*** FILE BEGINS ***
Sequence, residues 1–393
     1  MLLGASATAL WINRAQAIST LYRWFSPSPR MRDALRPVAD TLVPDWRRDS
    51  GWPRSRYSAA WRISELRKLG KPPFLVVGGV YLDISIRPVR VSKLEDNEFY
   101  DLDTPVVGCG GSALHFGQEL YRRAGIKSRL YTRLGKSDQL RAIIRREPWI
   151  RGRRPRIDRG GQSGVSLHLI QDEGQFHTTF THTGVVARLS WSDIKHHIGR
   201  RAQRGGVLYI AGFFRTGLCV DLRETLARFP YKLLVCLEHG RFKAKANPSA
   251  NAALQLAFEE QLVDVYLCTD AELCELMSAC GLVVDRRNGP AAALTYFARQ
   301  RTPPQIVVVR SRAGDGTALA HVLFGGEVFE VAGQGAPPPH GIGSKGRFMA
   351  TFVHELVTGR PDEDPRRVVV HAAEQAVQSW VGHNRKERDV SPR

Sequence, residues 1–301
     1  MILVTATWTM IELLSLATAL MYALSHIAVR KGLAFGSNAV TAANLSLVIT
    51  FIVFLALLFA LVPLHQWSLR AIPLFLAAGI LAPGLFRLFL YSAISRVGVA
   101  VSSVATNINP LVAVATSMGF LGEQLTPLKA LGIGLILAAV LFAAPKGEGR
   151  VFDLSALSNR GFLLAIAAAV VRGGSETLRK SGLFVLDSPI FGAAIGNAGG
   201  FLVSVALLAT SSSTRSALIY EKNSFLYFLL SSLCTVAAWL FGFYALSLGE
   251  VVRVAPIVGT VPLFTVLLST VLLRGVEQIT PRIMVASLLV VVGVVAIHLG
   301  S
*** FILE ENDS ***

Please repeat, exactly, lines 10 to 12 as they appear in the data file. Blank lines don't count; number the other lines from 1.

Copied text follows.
Sequence, residues 1–301
     1  MILVTATWTM IELLSLATAL MYALSHIAVR KGLAFGSNAV TAANLSLVIT
    51  FIVFLALLFA LVPLHQWSLR AIPLFLAAGI LAPGLFRLFL YSAISRVGVA